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[treated as singular] The art of making designs in relief or intaglio, especially by chasing, carving, and embossing in metal.
- ‘The lateral panels of the triptych encased in repoussé silverwork were left in their original form as remarkable specimens of the 10th century toreutics, while the rest of the icon was adorned anew with gold, silver, cloisonné enamels and precious stones.’
- ‘The Scythians rejected the Greek way of life, but their aristocracy frequently used jewelry and toreutics made by the Greeks especially for them and adapted to their taste.’
- ‘Come visit our store for diamonds, colour stones, maple leaf coins, pearls, engagement rings, wedding rings, repairs, toreutics and many others!’
- ‘He carried on his studies at the Institute of Art in Rome, where he continued to learn the ancient techniques of toreutics.’
- ‘In the middle of the pectoral there is a vegetable ornament with birds, typical for Greek toreutics, which is interpreted as the World Tree symbol, uniting all three worlds.’
- ‘The author reveals the encoded semantics of images depicted on amulets, drawings, potter's stamps, and toreutics.’
- ‘As for toreutics, which products were subjects of trade and were rather mobile, the manufacture and, correspondently, local features of the Sogdian style seemed to be hardly localized.’
- ‘Here you can see masterpieces of Greek toreutics - a chased gilded silver amphora from Chertomlyk, the shoulders of which are decorated with a relief frieze of Scythians taming wild horses.’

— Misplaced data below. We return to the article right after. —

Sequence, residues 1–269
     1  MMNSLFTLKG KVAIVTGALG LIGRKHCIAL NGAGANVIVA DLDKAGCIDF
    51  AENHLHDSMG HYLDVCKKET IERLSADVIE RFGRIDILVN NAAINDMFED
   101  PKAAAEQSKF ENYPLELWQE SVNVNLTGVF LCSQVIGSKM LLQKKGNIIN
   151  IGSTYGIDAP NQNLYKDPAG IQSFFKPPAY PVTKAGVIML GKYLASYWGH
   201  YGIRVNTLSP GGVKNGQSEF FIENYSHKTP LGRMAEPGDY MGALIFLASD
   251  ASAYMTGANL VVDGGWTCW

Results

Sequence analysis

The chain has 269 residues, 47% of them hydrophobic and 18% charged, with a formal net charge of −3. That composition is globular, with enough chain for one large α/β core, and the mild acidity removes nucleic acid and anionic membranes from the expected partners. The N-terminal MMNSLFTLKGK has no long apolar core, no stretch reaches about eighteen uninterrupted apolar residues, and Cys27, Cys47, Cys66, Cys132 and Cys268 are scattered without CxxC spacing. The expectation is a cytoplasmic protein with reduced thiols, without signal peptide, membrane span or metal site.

- ‘The lateral panels of the triptych encased in repousse silverwork were left in their original form as remarkable specimens of the 10th century toreutics, while the rest of the icon was adorned anew with gold, silver, cloisonne enamels and precious stones.’
- ‘The representation of the olive tree as a feature of the landscape in wider scenes or as an isolated element is quite common in Greek and Roman art both in pictorial works and in sculpture or in toreutics and in vase painting, where the olive tree is often the symbol of the landscape against which the scene is set.’
- ‘The monuments of the Thracian toreutics present the image of the king as a horseman.’
- ‘Unlike the Gaulish-Rheinish workshops, which gradually lost contact with the other branches of applied arts, the African workshops maintained a lively relationship with bone carving, toreutics and the production of textiles.’
- ‘A significant number of the monuments of Thracian toreutics have been found at burial sites.’
- ‘Since working in bronze is technically more complex than working in wood or clay, they learned new skills in ancient methods: mold making, lost wax casting, toreutics (metal shaping), and patination.’
Mid 19th century: from Greek toreutikos, from toreuein to work in relief.
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